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Top Stories This Week in the Chronicle.
February 24, 2006

State panel looks at CCV money sources

2004's anti-gay campaigns accused of illegally
hiding donors behind charities

Columbus--Did two anti-gay campaigns break the law by hiding the source of their money in the 2004 election? The Ohio Elections Commission was set to have its first hearing on the matter February 23.

Backers of the Ohio marriage ban amendment and Cincinnati�s Charter Article 12 are accused of funneling millions of dollars through charities to illegally conceal their donors� names.

The complaint, filed October 26 by Equality Cincinnati president Gary Wright and former Cincinnati mayor Bobbie Sterne, accuses 14 groups and individuals of 18 election law violations.

It focuses on the well-known Cincinnati anti-gay group Citizens for Community Values, its president Phil Burress, and its vice president David Miller.

Burress and Miller directed both the state marriage ban campaign and the one to retain Article 12.

Wright was co-chair of Citizens to Restore Fairness, the successful effort to repeal the anti-gay article.

The case could lead to criminal prosecutions.

The commission was also set to rule on a last-minute motion to dismiss the complaint, filed February 17.

Charities don�t have to name donors

Wright and Sterne charge two major violations in their complaint.

First, that the two campaigns schemed to move money and resources between non-profit charities and political action committees, inside and outside Ohio, to hide the identities of the people funding the campaigns.

Ohio law requires that all donors to political campaigns be reported. Charitable non-profits, however, are not required to report theirs.

As one piece of evidence, they point to an October 28, 2004 Cincinnati Enquirer story where Burress said he was �meeting today with a Tennessee contributor who wished to remain anonymous� saying his contributors �feared being subjected to hate mail if their identities were known.�

Burress� campaign finance reports show that large sums of money were transferred to the campaign accounts from charities, some of which are controlled by him.

Reports for the Article 12 campaign, officially named Equal Rights No Special Rights, show that it received only $370 in contributions from four sources, including Burress himself. The remaining $1,261,354 that it spent came in large cash transfers from non-profit charities in Ohio and elsewhere.

The reports show only the names of the charities, not the original source of the money.

The Ohio Campaign to Protect Marriage, which campaigned for the marriage ban amendment, reports only $11,568 coming from identifiable sources. The other $1,194,962 came from the charities--the original donors are not named.

Anonymous Internet donations

The complaint also says that contributions were made anonymously through the internet. Ohio law prohibits this.

Wright and Sterne are represented by Columbus election attorney Rick Brunner.

Multiple attorneys represent the 14 respondents. Leading the defense is Matthew A. Kairis of the Jones Day firm�s Columbus office. Working with him is David Langdon, who routinely represents Burress and his CCV enterprises from an office at CCV�s address in Sharonville, a Cincinnati suburb.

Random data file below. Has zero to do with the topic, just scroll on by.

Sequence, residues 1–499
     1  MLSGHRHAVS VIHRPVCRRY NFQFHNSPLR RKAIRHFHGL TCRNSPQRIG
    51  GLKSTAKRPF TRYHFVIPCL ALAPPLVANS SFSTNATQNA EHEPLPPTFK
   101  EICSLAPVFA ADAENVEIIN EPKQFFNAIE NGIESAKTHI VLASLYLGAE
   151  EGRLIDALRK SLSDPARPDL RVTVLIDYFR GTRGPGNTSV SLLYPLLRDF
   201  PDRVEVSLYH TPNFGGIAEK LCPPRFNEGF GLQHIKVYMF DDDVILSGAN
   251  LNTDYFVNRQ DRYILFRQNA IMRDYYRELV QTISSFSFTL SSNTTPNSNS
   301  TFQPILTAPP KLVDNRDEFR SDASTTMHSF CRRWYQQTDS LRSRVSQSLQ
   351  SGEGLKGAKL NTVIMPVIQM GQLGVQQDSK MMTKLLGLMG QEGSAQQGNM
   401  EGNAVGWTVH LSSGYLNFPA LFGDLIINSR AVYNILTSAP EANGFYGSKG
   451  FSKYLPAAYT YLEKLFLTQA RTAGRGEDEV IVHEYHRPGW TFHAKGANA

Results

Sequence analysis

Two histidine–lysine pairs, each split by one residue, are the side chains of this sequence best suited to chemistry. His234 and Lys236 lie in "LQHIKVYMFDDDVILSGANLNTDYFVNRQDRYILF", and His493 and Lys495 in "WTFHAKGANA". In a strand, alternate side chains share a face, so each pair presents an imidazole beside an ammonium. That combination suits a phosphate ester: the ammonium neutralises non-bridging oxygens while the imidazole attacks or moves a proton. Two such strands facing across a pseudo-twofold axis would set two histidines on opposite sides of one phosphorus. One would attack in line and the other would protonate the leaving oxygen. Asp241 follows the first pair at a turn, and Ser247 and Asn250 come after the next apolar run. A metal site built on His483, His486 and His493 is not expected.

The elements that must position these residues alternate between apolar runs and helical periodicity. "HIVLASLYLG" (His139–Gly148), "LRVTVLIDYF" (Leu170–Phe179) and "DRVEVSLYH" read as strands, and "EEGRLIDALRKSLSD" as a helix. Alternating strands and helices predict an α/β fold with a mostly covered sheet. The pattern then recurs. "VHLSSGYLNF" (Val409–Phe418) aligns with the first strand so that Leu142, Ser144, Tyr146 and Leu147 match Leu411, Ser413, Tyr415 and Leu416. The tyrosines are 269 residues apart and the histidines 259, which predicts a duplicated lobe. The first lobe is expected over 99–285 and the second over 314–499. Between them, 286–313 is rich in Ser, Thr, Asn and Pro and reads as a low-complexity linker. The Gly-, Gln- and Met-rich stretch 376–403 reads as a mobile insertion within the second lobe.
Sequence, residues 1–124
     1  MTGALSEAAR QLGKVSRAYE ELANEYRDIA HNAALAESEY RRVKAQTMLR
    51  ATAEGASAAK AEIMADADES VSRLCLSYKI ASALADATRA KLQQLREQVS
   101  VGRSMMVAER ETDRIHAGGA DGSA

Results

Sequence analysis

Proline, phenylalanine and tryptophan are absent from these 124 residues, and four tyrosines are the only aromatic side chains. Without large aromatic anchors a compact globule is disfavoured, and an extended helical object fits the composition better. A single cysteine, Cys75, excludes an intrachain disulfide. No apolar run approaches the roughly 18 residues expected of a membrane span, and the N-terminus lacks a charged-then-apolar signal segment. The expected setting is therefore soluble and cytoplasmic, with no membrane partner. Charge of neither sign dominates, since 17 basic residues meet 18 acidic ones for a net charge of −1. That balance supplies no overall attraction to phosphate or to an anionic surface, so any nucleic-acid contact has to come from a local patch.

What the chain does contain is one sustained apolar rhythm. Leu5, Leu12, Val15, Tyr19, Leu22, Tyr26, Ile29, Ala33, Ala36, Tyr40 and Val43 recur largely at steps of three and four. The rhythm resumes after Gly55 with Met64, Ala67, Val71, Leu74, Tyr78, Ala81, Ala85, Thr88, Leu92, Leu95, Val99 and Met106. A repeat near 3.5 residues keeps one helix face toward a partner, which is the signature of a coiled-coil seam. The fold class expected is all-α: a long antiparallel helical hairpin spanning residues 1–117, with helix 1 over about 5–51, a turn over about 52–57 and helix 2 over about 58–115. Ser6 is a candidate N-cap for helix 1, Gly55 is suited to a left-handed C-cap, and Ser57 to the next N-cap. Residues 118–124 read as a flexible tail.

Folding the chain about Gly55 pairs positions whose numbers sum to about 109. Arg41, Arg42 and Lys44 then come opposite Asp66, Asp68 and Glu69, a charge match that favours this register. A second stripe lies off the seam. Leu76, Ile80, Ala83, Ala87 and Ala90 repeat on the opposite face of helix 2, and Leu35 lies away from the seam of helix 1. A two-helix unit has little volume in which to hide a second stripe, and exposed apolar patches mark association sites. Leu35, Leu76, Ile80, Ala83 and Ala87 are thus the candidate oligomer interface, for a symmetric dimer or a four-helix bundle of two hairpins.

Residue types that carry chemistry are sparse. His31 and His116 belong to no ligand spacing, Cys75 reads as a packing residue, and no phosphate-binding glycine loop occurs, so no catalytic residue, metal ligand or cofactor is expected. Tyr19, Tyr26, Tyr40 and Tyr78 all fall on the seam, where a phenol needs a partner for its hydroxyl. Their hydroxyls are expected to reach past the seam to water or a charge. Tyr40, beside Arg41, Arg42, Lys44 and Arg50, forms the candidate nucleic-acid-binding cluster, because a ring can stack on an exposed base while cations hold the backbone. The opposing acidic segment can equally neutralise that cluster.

Officially, Kairis and Langdon represent Burress, Miller, Citizens for Community Values, its political arm CCV Action and its non-profit charity CCV Foundation. They also represent the Burress-controlled Ohio Campaign to Protect Marriage Political Action Committee, Equal Rights No Special Rights PAC and its chair, former Cincinnati city council member Sam Malone.

William Todd of the Squire, Sanders and Dempsey firm�s Columbus office represents two out-of-state groups: Family Research Council Action and its chief fiscal officer Paul Tripuidi of Washington, D.C.; and Focus on the Family of Colorado Springs, Colorado, along with the Focus on the Family Cincinnati committee and its treasurer Tom Minnery.

Another out-of-state anti-gay group, the Alliance Defense Fund of Scottsdale, Arizona, is represented by its own attorney Jeffrey Shafer, who is Langdon�s former law partner.

Kairis filed the motion to dismiss the case on behalf of his clients.

It argues in a circular way that since Wright and Stearne don�t know who the donors to the charities were, they have no way of knowing their intentions, or whether they were anonymous or not. Hence, they have no proof that any wrongdoing occurred.

With strong objections, Kairis has stopped every attempt by Brunner to find facts in the case, saying that any discovery would produce the names of the donors and give Wright and Stearne what they want, making the litigation moot.

�Complainants do not identify a single contribution that was intended for a political committee but was instead funneled to a nonprofit organization, nor a single fact that any respondent engaged in such activity,� wrote Kairis.

�Indeed the complaint fails to present any evidence that either CCV or CCV Action ever received or forwarded contributions intended to go to the ballot issue PACs. As such, the CCV respondents are entitled to dismissal of the complaint as a matter of law,� Kairis continued.

Kairis dismisses Burress� comment to the Enquirer about the anonymous Tennessee donor as �reporter�s paraphrase,� then parses it further.

�Again, there is no indication of which �campaign� is at issue, just the vague allusion to �the campaign�,� wrote Kairis, who continued, �These vague, out-of-context conversational fragments are a far cry from establishing that there was a plan to conceal ballot issue PAC contributions, let alone establishing an actual execution of that plan.�

The commission can issue its ruling at any time. If it moves the case forward, it will send it to a common pleas court for civil and criminal action.




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